Jojo Moyes On The Success Of 'Me Before You'
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Jojo, 46, lives in a remote Essex farmhouse with her husband, journalist Charles Arthur, their three children aged 17, 14 and ten, and an assortment of animals. Her early career was as a journalist until shortly after she got her first book deal for her novel, Sheltering Rain, when she became a full-time novelist. She has now written 12 more.
Her first international superseller, Me Before You, has been made into a film starring Emilia Clarke and Sam Claflin. Jojo wrote the screenplay herself and the film is out in cinemas on 3rd June...
I had written seven novels before Me Before You and never troubled the bestseller lists. When I wrote it, I hadn't a clue that it would be the book to change things. My husband and I used to joke that it would probably be the book that killed off my career but luckily it went the other way.
I had read a news story about a young rugby player who had persuaded his parents to take him to Dignitas. I couldn't understand how a parent could agree to do that. The more I looked into it, I realised they were in an impossible position. I had to put myself into his shoes, into his parents' shoes, the people who love him, the medical staff - the story was different whichever way I looked at it. That was what inspired the novel.
It only hit me about a year ago when a friend said, "You've written one of those books." People do seem to have a personal connection to it. Every day on Twitter, they tell me it changed their lives or it affected them.
The success of Me Before You has been life-changing, not just for me but for my family. Generally things are much easier in a financial sense. We've paid off our mortgage and we've been able to send our youngest son, who's deaf, to a school with very small classes - that makes a huge personal difference to him. For the most part, our children couldn't care less about my success, but filming Me Before You was a big thing for them. I managed to sneak them on to set at Pinewood Studios one day and they got to sit in directors' chairs, wear earphones and watch the shooting going on. Meeting the stars, Emilia Clarke and Sam Claflin, was a pretty big deal. Then they were impressed!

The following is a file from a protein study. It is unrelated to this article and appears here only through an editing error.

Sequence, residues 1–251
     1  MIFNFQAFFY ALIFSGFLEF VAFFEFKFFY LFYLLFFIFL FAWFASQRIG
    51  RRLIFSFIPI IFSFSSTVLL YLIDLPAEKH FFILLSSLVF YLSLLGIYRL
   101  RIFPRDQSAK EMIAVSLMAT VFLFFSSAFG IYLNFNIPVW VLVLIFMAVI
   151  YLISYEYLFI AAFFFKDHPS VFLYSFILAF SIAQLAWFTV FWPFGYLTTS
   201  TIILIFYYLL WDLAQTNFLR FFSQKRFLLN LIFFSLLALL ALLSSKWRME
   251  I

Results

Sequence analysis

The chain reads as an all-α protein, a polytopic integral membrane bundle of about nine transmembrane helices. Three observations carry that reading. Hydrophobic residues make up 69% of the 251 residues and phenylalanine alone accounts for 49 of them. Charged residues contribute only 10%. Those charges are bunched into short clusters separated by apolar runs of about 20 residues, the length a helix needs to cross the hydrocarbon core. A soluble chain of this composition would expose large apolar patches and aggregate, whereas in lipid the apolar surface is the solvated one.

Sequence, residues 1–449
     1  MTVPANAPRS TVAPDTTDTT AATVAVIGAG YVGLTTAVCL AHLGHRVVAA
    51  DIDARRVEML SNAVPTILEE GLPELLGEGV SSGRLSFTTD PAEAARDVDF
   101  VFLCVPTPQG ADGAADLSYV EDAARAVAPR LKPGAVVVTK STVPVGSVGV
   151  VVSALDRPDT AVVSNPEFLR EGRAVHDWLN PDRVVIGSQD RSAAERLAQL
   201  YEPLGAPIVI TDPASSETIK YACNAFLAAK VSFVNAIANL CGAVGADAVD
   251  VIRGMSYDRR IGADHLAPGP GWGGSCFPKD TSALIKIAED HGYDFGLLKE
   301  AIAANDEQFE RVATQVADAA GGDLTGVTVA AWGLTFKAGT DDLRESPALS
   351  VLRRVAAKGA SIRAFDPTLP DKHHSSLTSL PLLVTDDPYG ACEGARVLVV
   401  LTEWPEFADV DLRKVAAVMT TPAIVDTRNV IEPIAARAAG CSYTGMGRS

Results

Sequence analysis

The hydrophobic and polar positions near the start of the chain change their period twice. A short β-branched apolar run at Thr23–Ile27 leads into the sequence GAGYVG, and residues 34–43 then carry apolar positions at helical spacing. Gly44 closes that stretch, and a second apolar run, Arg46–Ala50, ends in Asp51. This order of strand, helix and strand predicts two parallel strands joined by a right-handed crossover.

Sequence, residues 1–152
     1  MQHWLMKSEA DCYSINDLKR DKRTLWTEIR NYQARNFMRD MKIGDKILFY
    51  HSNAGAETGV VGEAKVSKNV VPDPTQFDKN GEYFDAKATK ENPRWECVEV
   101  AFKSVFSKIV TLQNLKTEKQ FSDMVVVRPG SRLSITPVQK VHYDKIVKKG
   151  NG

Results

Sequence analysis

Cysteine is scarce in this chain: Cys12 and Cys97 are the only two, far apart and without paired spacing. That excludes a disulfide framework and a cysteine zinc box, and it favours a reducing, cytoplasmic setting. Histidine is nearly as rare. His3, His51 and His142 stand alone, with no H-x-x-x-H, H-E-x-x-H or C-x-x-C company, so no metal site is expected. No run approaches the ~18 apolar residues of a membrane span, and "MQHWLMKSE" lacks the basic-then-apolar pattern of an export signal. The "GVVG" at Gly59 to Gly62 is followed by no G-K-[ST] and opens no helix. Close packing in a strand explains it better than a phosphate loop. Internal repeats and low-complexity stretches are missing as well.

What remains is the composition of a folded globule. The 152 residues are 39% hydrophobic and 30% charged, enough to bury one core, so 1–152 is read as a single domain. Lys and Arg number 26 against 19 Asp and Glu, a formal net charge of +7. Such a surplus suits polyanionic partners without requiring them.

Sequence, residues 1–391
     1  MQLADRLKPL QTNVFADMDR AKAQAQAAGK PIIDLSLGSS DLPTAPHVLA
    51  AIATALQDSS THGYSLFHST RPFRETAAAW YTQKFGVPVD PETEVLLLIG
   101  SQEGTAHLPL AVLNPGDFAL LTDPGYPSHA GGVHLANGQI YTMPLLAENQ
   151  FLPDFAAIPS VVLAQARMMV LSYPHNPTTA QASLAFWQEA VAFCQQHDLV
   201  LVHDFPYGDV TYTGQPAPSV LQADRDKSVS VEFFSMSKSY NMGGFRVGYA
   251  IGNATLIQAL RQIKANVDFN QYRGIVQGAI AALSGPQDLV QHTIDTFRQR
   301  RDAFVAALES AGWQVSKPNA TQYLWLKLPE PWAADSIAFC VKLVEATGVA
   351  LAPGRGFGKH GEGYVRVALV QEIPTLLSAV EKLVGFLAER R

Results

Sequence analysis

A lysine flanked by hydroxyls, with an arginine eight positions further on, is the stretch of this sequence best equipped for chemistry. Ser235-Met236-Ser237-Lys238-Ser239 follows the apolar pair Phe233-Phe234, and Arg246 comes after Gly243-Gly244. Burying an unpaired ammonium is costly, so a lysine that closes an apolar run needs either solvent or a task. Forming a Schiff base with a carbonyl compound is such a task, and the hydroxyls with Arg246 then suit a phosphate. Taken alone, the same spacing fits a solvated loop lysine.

Being on set of Me Before You was the best experience of my working life by a country mile. I've worked by myself for 15 years now but, walking on set every day, I was with 120 people all involved in the same project. Watching people who are all so skilled at their jobs is an incredible thing. The first day on set was mind-blowing. Suddenly the characters that had only existed in my head were out there walking and talking and everybody else knew what they should be doing. I was no longer the expert on my own people, and that felt very strange.
The fun bit has been learning a new skill in my mid-forties. To learn screenwriting initially, I just read every script I could from every film I had admired and tried to deconstruct it. I also had great advice from a couple of very good screenwriters. Once I'd written the screenplay for Me Before You, I had feedback from the producers, studio executives and director as we went along - and for a short period worked side by side with another screenwriter.
For the best part of three years since Me Before You was published, so many people have asked me what happened to Lou, the heroine. I've spent the last two years on the script, so the characters were in my head the whole time and I started to ask myself the same question too - what would she do next?
Most of my books start with an image in my head. Me Before You started with the image of Lou dancing with Will in his wheelchair at his ex's wedding. This time, I had this image of her standing on a rooftop. I had this vision of her being perfectly together in her professional life but coming home and being unable to hide her own hurt. Once I had the image I could start.
Writing After You was the most nerve-racking experience. I was so conscious of people's expectations for Lou. But then I saw Marian Keyes, who said I had to put myself in a bubble and believe that people will just be glad to revisit her. It was brilliant to have someone who's really good at their job just going - "No, get a hold of yourself" - so thank you, Marian!
I partly wanted to show that it's never too late to make the most of your life. But the book's also about how easy it is for us to trap ourselves. Lou realises about three-quarters of the way through the book that the only thing holding her back is her.
After You by Jojo Moyes (Michael Joseph) is out now
Jane Kemp is the Features Director for Woman & Home, Woman's Weekly, Woman and Woman's Own. She's worked in journalism for many years, mostly in Women's consumer magazines, and enjoyed a long stint at Practical Parenting while her own four children were little. These days, her interests are more focussed on gardens and books, and she has taken great pleasure in seeing the expansion of books coverage in all the titles, as well as big-name authors writing exclusive fiction for Woman & Home and Woman's Weekly.
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